• The recent TCEC superfinal between the Stockfish and Leela engines had 81 draws of 100 games, with openings handpicked to give one side a moderate advantage. It seems the top engines are approaching 100% draws – JollyJoker Feb 25 '19 at 8:24
  • The games were crazy fast, or at least filmed in a way that suggests them playing bullet or Hyper-Bullet (30s). – Benjamin Raabe Feb 25 '19 at 9:06
  • I got some more statistics from lichess for the 30-60s + 0 time controls. Draw rate (Draw + Stalemate) is around 3%. :) imgur.com/a/RnNI1Sy – Benjamin Raabe Feb 27 '19 at 14:11

From a transcript at https://www.springfieldspringfield.co.uk/view_episode_scripts.php?tv-show=mr-robot-2015&episode=s02e04

You just need to be able to see ahead of your opponent.

But how can you when your other opponent is you? Stalemate.

Three in a row.

The odds of that are Impossible.

So the impossibility mentioned can be interpreted to be three stalemates in a row, not simply three draws. I could not quickly find a reference to the stalemate rate, but it must be significantly less than the draw rate, and the cube of it will therefore tend a bit closer to "impossible".

I don't know if the moves in the show are meant to be real games or just a nod to the audience that is looking closely (kind of like the in-jokes written in tiny print on "Star Trek" displays). But the first two are reported to be the Loyd 10-move stalemate and the final game is Minerva's fastest known double stalemate. (I don't have a copy of the video to confirm this)

Because they are "constructed" puzzles, neither would be expected in a competitive game, only a cooperation scenario. That may or may not mean something in the context of the episode.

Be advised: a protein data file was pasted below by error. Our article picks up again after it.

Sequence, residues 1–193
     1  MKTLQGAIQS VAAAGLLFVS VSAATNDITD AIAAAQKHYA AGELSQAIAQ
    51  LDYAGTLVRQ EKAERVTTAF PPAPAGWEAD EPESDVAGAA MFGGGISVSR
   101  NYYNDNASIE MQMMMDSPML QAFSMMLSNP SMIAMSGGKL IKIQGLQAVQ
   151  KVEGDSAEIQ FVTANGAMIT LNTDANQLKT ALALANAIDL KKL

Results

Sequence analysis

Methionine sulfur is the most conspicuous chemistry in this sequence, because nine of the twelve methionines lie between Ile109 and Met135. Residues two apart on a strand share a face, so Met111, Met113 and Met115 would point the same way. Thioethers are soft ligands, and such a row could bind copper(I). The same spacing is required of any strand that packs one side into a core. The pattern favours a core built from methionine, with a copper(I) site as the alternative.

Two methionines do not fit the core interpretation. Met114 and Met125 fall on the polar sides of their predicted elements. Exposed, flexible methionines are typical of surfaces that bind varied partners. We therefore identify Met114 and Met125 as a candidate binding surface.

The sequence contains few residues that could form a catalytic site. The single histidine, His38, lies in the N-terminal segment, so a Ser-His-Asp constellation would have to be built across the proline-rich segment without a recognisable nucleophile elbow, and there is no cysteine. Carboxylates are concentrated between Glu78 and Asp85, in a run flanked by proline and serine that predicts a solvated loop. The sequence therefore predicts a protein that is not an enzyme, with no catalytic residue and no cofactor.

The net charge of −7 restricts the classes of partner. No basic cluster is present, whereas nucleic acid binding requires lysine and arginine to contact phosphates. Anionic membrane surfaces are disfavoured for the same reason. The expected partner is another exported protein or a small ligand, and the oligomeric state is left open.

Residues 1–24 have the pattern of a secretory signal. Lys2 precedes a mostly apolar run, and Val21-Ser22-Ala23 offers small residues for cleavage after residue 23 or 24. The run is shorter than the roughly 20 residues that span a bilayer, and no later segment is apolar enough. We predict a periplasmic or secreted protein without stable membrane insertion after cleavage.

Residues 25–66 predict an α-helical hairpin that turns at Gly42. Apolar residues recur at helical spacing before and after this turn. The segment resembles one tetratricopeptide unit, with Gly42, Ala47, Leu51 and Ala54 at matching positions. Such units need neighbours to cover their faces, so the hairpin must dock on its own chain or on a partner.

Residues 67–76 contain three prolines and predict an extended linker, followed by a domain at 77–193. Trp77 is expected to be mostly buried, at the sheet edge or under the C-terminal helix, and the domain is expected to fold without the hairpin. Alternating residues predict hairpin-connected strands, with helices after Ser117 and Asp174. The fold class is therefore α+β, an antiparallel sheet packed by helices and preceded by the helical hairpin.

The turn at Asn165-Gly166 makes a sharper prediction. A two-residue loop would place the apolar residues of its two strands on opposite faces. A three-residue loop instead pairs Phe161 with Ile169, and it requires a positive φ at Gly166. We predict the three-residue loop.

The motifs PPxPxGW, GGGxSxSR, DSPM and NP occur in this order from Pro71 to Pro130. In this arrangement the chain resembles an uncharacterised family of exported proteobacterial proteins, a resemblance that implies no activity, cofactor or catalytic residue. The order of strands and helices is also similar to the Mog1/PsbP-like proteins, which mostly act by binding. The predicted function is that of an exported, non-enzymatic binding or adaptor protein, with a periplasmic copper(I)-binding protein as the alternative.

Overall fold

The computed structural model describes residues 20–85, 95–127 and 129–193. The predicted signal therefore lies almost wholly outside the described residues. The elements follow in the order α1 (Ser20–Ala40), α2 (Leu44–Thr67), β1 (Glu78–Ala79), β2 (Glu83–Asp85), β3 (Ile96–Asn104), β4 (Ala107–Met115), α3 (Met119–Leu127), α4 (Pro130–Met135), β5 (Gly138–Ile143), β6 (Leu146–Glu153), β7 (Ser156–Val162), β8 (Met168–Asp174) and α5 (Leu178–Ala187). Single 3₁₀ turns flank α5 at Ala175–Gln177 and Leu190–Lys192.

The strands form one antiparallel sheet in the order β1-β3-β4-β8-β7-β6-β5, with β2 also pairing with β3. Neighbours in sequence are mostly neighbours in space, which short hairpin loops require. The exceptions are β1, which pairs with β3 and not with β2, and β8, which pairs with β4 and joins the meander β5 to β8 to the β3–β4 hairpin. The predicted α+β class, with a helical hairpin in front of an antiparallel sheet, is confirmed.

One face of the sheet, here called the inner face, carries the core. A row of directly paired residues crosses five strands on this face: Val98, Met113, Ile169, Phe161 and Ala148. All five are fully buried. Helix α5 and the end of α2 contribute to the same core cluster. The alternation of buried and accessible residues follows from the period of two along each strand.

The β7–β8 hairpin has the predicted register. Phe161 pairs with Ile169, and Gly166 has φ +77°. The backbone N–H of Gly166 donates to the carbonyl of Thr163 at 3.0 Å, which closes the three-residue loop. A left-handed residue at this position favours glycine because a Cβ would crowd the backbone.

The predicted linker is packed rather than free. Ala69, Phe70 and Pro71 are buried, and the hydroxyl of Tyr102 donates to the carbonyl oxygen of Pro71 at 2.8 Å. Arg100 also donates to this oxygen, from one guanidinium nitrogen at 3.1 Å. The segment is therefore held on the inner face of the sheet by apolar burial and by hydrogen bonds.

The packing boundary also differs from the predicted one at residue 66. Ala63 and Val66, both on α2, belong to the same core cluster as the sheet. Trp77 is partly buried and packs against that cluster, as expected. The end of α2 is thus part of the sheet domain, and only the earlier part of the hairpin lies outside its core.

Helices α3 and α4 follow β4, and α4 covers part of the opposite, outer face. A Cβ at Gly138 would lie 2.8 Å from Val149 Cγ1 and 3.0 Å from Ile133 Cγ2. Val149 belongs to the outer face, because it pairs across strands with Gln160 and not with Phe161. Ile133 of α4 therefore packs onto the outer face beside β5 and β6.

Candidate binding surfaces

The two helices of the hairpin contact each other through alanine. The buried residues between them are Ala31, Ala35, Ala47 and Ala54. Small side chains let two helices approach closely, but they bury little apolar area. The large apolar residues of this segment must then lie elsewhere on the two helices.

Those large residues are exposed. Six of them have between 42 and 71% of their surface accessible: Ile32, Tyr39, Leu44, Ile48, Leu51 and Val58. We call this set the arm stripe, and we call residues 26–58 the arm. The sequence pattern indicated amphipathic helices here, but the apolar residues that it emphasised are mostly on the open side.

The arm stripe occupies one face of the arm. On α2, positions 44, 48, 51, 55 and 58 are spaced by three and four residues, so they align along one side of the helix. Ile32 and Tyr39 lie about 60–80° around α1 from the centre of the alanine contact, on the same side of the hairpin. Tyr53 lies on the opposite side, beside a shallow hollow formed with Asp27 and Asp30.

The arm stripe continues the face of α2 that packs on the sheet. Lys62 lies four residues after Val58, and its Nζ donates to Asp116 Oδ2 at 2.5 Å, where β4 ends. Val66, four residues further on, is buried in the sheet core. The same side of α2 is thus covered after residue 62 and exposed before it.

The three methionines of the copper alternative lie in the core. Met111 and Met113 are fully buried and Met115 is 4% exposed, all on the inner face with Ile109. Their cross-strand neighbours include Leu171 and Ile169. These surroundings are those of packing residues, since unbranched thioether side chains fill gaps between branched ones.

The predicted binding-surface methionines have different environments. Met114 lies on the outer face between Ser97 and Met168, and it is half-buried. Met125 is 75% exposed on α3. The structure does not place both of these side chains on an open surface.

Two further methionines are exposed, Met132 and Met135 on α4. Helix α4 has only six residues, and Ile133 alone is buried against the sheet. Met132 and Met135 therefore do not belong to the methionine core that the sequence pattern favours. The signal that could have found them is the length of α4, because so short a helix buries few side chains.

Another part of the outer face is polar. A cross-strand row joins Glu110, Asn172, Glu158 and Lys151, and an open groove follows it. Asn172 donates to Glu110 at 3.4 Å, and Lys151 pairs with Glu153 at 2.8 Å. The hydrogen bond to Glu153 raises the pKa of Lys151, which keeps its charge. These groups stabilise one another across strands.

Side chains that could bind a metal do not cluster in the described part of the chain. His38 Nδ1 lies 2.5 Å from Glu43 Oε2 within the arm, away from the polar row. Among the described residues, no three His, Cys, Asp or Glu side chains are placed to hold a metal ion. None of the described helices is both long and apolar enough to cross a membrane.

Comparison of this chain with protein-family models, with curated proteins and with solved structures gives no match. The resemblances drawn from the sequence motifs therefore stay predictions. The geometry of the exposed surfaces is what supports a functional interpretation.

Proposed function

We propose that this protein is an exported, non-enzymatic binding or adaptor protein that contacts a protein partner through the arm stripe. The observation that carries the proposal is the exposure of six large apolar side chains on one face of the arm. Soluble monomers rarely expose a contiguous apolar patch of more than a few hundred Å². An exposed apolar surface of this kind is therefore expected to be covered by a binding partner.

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As standard math says, probability of same event happening in a row for N times is:


where Pe is single event probability.

So if we take as standard draw probability 50%, then event of having 3 draws in a row between some players will be 1/23 = 0,125 = 12.5%. Thus not impossible, but unlikely.

However there can be specific pairs of players which always plays at optimal strategy for each-other, so that their games mostly ends in a draw.

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    12.5% isn't "highly unlikely" at all. It means that, if you played three games a day, you'd expect to get three draws almost once a week. Also, the 50% draw rate is in long-format games between grandmasters; quicker games between amateurs have a much lower rate of draws. – David Richerby Feb 25 '19 at 11:15
  • @DavidRicherby. I've changed to simply unlikely, but in principle it's just a play of words. I simply had in mind that statistically probability of NOT getting a draw 3-times in a row is 87.5%, so this is much more likely. You can't argue with mathematics – Agnius Vasiliauskas Feb 25 '19 at 12:55
  • It's not "a play of words": it's a significant change of meaning. I can't argue with the fact that, if three independent events occur with probability p, then all three occur together with probability p^3. But I can (and did!) argue with your choice of p=1/2, which does not reflect reality, and the implicit claim of independence, though the latter probably isn't significant in this case. – David Richerby Feb 25 '19 at 13:01
  • I never said that 50% is "carved in a rock", this was just as an example - have you noticed word 'if' ? And yes - I know that these events must be independent for formula to apply. I can't image dependent events in this case - unless with each start of new game players gets more drunk :-D BTW, 50Į-60% is not also for grandmasters and between computer chess programs too. – Agnius Vasiliauskas Feb 25 '19 at 13:12